Despite its easy availability and cost effectiveness, the merits of rose water are often underplayed. Rose water holds an important place in aromatherapy and spa treatment. However, it could have additional uses if given a spot in the kitchen. The smell of rose water stimulates our senses and relaxes the mind.
The Egyptians had been the first to find out about the uses of rose water. Rose essential oil can be said to have aphrodisiac effects and had been used by none other than the classic beauty Cleopatra to seduce her lover Anthony. She bathed in a bath brimming with milk and rose petals that brought that ill-famed glow to her skin.
In India, rose water is used during auspicious events for its cleansing properties and soothing scent. It is used in cuisines and in pan or betel leaf as it is a great digestive agent. A dash of rose water in lemonade could work wonders to sooth a disturbed gastric system and may also be used to prepare a refreshing summer drink.
Rose water is a natural anti-inflammatory agent and tonic and may be applied as a topical treatment to burns and allergic skin. Some capfuls of rose water in bathwater have the same effects of aromatherapy and leave you smelling fresh and feeling rejuvenated.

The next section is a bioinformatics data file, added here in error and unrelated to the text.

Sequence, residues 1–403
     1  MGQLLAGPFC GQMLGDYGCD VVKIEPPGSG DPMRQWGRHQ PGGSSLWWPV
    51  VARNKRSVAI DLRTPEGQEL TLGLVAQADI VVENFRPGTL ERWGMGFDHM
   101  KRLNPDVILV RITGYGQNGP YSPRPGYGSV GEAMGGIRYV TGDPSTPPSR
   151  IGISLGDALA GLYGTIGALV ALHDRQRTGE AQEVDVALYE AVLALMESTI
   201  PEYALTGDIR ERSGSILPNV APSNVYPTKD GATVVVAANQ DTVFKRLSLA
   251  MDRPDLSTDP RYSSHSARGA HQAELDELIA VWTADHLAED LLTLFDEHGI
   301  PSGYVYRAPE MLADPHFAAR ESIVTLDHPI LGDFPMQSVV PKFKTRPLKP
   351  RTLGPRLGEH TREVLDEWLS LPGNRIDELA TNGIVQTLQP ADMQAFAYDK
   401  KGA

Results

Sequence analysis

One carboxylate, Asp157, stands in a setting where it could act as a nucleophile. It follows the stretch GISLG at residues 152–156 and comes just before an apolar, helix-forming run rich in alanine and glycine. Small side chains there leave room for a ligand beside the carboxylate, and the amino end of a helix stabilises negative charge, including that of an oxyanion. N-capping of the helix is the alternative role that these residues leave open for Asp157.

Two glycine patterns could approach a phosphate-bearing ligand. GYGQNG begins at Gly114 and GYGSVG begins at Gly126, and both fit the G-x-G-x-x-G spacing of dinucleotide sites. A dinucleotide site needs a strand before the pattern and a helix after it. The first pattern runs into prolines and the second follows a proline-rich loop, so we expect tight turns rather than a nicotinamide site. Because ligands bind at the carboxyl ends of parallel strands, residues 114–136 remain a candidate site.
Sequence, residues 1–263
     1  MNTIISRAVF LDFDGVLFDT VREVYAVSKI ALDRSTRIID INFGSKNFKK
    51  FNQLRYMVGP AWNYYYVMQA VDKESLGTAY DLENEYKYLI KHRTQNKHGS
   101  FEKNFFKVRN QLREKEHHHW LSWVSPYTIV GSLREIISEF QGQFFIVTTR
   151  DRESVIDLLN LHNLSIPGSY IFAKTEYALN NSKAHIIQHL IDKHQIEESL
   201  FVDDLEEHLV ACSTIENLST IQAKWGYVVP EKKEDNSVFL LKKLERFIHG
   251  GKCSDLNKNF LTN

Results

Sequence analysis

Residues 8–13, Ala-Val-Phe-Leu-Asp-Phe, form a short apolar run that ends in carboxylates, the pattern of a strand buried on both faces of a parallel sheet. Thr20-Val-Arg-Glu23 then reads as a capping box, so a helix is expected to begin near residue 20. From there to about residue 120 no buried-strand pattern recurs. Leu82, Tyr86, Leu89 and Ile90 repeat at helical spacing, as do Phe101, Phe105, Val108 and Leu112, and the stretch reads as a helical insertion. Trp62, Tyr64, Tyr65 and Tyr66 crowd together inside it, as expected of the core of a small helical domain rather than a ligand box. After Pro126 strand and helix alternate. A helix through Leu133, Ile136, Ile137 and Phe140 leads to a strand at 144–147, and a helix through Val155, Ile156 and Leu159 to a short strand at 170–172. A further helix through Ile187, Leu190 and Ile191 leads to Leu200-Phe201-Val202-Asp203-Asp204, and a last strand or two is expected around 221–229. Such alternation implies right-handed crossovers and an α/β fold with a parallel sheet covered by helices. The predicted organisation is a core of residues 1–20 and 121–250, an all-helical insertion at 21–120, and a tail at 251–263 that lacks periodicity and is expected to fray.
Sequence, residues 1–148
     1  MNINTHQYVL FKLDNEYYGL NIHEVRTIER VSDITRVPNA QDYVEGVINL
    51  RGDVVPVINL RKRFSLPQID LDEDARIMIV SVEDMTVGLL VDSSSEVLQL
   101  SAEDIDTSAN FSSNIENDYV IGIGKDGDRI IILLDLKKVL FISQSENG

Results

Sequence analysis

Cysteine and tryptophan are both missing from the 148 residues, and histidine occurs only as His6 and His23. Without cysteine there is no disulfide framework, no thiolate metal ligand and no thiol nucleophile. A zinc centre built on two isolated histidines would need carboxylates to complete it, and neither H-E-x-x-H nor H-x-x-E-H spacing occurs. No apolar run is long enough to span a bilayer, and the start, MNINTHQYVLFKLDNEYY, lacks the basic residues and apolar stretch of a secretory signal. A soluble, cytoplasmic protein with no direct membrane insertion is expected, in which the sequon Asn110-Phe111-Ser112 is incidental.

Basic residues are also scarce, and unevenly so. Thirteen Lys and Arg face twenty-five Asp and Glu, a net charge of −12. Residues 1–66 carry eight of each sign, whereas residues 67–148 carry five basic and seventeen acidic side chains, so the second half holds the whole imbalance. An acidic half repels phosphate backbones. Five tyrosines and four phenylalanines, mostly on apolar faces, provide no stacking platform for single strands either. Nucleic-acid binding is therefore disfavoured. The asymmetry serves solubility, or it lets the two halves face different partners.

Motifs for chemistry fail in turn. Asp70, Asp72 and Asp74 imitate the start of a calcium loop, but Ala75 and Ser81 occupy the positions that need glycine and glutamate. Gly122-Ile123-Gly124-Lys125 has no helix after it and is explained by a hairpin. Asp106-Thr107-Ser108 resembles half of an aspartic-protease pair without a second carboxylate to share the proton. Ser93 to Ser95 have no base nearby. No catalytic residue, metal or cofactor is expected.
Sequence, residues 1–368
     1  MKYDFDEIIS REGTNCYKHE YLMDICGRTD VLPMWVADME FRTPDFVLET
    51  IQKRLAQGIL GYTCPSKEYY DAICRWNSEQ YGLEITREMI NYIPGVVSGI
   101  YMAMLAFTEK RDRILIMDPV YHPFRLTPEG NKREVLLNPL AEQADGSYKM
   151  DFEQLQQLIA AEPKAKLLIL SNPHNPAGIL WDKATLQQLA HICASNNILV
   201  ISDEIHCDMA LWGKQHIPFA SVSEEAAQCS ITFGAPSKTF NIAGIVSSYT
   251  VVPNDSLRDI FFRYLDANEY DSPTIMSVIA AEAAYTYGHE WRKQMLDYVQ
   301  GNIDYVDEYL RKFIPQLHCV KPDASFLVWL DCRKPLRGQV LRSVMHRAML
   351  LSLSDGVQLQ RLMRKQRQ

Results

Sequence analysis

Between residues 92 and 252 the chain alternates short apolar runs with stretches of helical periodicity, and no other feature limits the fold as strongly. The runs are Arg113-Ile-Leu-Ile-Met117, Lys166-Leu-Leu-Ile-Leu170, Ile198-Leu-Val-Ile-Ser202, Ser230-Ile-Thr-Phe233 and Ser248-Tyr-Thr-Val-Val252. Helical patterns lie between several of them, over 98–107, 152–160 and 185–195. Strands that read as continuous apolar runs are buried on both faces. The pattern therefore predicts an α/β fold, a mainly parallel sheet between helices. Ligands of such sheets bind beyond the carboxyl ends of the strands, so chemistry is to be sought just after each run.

Rose water may be mixed with home made and powdered face packs to tone the skin and clear it of blemishes and imperfections. Even by itself, it can make for a great natural toner, particularly when chilled and dabbed over the face in hot summers.
Here are two face packs with rose water, one for the oily skin and one for the dry skin that can work wonders for your skin:
For oily or acne-prone skin: Mix rose water with some fuller's earth and some drops of lemon juice to get a deep pore cleansing treatment. Leave it on until it dries and wash off with cold water.
For dry skin: Mix together rose water, milk and honey with oatmeal and make a paste. Apply this to your face and wash off once dry. It is a great face pack as it not only moisturizes your skin, but also provides it with essential nutrients.